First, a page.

Structure, Structure in this way. So. I'm gonna. Show this both on artificial data and data, from an embryo a body differentiation. System when, you start out with human, embryonic stem cells then, you, differentiate. Them into a variety, of different lineages over a 30-day, time course so. This artificial, tree, data which might lab sometimes calls the dumb tree but you'll find out that the dumb tree is harder than it looks, as, you see here so. If you take this dumb tree and you add noise to it and you rotate it in high dimensions, and, you look to see if, you can visualize it if you try to visualize it with PCA you're. Missing a lot of the structure in the dumb tree even, though it picked up sort, of the global, directionality. In some way it is going from blue to green but. It's losing, a lot of the. Branching. Structure. Tease. Me seems to be all the rage in this field I'm not sure maybe in other fields too but, tease. Me actually sort of shatters. Shatters. The data in, a, bad way because it only cares about keeping. Stochastic, neighbors, together, and. We believe that if, you don't keep just neighbors but, keep, manifold, intrinsic, relationships, altogether, it's, a better way of preserving, the structure in the data and you see fate. Can preserve the data but it can also denoise, it which is important, in, so. You see the lines that fate gives, are thinner. And. Also denoise it in the. Manifold intrinsic, dimensions. So, here's. Fate. Shown on and. We, especially hope that a lot of people start using this because this basically, can work on any any type of data here, you see the embryonic stem, cell differentiation system. The, red to, the left, is. All embryonic. Stem cells because, that's from day 0 to 3 and we started with 3 onyx M cells and. As. The, days go on you, create the lineages, that are colored or colored in orange that we picked up on days 6 or 9 and, then, finally the blue where the latest did we generated, 24 through 2007, and. Again. You see PCA kind of picks up the alesis time label and. The fact that there's fewer cells so there's less space occupied, by the red, than, the green and blue because it's they're, branching out as lineage, but, the internal, structure, is not.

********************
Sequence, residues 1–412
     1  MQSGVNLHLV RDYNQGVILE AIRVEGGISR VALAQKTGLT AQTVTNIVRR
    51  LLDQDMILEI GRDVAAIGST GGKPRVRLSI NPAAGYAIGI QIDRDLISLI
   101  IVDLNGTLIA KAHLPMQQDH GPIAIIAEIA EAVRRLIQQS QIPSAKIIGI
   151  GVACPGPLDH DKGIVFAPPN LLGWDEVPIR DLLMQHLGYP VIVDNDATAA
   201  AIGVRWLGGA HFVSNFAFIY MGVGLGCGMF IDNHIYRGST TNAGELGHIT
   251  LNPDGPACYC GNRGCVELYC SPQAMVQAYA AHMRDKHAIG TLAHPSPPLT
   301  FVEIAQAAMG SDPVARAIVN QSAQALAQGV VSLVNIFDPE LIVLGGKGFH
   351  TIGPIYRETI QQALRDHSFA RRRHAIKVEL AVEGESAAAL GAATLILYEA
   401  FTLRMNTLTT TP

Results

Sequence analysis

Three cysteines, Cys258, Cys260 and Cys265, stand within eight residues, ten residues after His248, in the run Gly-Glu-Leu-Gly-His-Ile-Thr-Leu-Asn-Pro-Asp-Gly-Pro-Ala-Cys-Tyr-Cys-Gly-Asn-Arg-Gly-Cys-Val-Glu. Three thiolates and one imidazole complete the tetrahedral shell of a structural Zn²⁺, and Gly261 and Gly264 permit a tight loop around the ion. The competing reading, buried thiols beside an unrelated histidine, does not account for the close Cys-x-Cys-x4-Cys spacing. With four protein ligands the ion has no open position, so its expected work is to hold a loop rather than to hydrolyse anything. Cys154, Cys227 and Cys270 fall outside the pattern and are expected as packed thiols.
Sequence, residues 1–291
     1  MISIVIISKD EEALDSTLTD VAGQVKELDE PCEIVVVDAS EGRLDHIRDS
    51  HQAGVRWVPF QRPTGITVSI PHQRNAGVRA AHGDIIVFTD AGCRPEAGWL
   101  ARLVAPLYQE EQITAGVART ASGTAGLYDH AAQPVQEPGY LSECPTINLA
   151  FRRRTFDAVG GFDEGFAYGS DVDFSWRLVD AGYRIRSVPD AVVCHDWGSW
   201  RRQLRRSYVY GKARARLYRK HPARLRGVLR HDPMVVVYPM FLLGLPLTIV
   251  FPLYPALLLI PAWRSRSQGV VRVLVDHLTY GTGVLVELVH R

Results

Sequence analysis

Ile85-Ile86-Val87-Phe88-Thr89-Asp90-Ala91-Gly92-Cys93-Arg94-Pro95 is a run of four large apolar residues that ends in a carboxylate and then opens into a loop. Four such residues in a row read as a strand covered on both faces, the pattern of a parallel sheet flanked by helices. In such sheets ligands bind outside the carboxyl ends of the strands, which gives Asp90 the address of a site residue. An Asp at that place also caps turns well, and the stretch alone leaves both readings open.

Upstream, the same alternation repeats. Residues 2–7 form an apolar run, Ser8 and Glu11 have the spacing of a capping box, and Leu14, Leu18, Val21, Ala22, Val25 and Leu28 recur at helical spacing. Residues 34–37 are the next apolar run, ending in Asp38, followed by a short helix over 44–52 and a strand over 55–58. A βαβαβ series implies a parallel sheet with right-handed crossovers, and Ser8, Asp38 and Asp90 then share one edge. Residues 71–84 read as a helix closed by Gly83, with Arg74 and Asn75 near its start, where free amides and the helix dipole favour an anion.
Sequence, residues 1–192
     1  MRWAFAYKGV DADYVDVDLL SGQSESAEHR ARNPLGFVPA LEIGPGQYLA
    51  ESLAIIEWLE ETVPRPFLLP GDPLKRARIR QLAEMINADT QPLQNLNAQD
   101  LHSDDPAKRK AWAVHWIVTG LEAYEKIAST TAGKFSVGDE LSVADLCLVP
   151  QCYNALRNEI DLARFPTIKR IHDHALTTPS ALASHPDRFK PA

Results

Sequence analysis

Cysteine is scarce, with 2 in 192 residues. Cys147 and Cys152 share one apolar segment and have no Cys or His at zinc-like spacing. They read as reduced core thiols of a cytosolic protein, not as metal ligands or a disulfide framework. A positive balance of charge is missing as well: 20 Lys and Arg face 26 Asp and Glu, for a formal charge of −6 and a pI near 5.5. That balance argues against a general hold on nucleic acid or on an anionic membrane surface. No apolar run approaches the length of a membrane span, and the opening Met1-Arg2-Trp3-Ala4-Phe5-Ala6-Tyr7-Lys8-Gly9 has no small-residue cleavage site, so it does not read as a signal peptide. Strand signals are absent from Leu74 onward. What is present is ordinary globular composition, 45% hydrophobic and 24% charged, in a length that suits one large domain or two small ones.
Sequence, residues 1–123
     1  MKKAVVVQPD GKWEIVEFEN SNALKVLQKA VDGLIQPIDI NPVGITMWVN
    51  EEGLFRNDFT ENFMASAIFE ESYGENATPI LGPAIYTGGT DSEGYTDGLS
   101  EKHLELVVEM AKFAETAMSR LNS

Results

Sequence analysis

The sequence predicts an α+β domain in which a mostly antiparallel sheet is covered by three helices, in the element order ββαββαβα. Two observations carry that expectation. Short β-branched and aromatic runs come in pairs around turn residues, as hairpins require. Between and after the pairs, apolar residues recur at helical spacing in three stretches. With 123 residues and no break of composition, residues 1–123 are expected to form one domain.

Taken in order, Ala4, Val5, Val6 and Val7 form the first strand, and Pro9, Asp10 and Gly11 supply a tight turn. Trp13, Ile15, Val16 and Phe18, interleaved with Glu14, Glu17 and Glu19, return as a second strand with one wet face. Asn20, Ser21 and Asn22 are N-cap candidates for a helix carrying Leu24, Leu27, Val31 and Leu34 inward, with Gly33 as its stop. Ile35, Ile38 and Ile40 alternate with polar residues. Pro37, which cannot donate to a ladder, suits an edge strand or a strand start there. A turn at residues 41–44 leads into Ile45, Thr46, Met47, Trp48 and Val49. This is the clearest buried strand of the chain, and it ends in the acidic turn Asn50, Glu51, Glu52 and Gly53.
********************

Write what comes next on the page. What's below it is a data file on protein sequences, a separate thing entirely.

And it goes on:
Clarified, But. Teach me doesn't even do that so this is very bad for preserving. Continuum, structures, so you see the red is. Shattered. Out to on, either sides of the green and, the global relationships, are all completely messed up so can, I trust this. For. Understanding. Really the overall, global structure, of your data diffusion. Maps which is, somewhat, based on this it's based on this concept but it's an older method it. Doesn't preserve, in a way that you can visualize basically, what it's doing is it's taking each, branch each trajectory, to cluster and putting it out to a different dimension so, you need to visual you need to look at many many many, diffusion. Dimensions, to get at this even, though it has some of this information. And. This is how the fête algorithm, works so the first three steps are similar to the steps that you saw before which. Is you have the data you learn distances, and affinities, and, you power. The matrix, although usually, to a higher power because you're visualizing. In two or three dimensions but. Then we use some information. Theoretic techniques, after that so after that we, realize that we want to really preserve, the information in, this matrix sort, of information theoretically, as much as possible in low dimensions, so. We come up with an information theoretic distance, between these diffusion, probabilities. And. Then. Again. We don't want to lose any information so instead of just visualizing, eigenvector. 1 versus eigenvector, 2 which is what people do in pca we, squeeze, all the variability in in two dimensions, by running, metric. MVS on these, informational. Distances, that we came up with so we're. Making sure that we don't leave, any information, out there that we haven't captured and that we're capturing as much as possible in our distances. And. The idea of using an information. Theoretic distance, is that each, point, is a probability, distribution, each. Point is a distribution, between affinities. Named. Probabilities. Of walking, and if you just took a straight point wise distance, it would be dominated by what's. Happening with the nearest neighbors, and it would look a lot more like tease me but. If you use an information, theoretic distance, usually information, theoretic distance, have a damping factor so, you have a log as, you, doing Shannon entropy, so, this damping factor makes the low probability, differences, full changes, also, picked. Up by the distance. And. The idea again of using metric. MDS instead of eigen decomposition is. So, that we only get two or three or however many, dimensions you want. And. It's doing the best job it can to preserve all this information, and low dimensions, so, that gives you fate and. Here, again we've these. Are ground truth examples, where we generated, the stuff that's on the first column so, we generated, this and we see you, know what fate is giving us versus what other other, things are giving us sometimes. The other methods do do pretty well on, sort. Of like the Gaussian mixture model sometimes. They again do weirdly like tea sneeze putting the green and red in between the blue, and. Orangish. Color. Sometimes. They're very noisy like I so map can be very noisy because, it's. Is. Doing geodesic, distances, shortest path distances, their hardest path distance and will take every shortcut they can through every outlier they can, there's. Now. You can see things like force-directed layout, that are just trying to like splay things out and. You, get what one of my students called sneeze spots from it or it looks like pointers, sneeze out there's. Other methods called monocle that fit trees to data and, it's not quite appropriate but, some reviewers asked us to compare. Against against, that and. And then you can imagine that it does the same thing to biological, data so there's different types of data we visualize, here the. First is our embryonic stem, cell differentiation data, the second, is retinol. Bipolar, data. Which. They mainly. Thought had, a lot of clusters, but we can see that the clusters have some progression, within them. And. Then there's. Hematopoietic. Stem. Cell differentiation data and a, there's. IPSC reprogramming. And E and, when they're grayed out it means those methods don't scale so we had to so sample them to begin with which, turns, out to be a huge problem for most of these where's this kind of diffusion process, can be made made really fast, using some tricks. So. This. Is a visualization, of what fate, was trying to do it's trying to keep global, structure, like like PCA but. It's also clarifying local structure because they can denoise in nonlinear directions, and find nonlinear, directions. Of dimensionality. So you get more fine-grained, detail than you would and. You can sort of zoom in on those fine, details and I have a Suman, slide but, we. Can show for example that this orange branch that the, way it's splitting is actually real and there's some biological.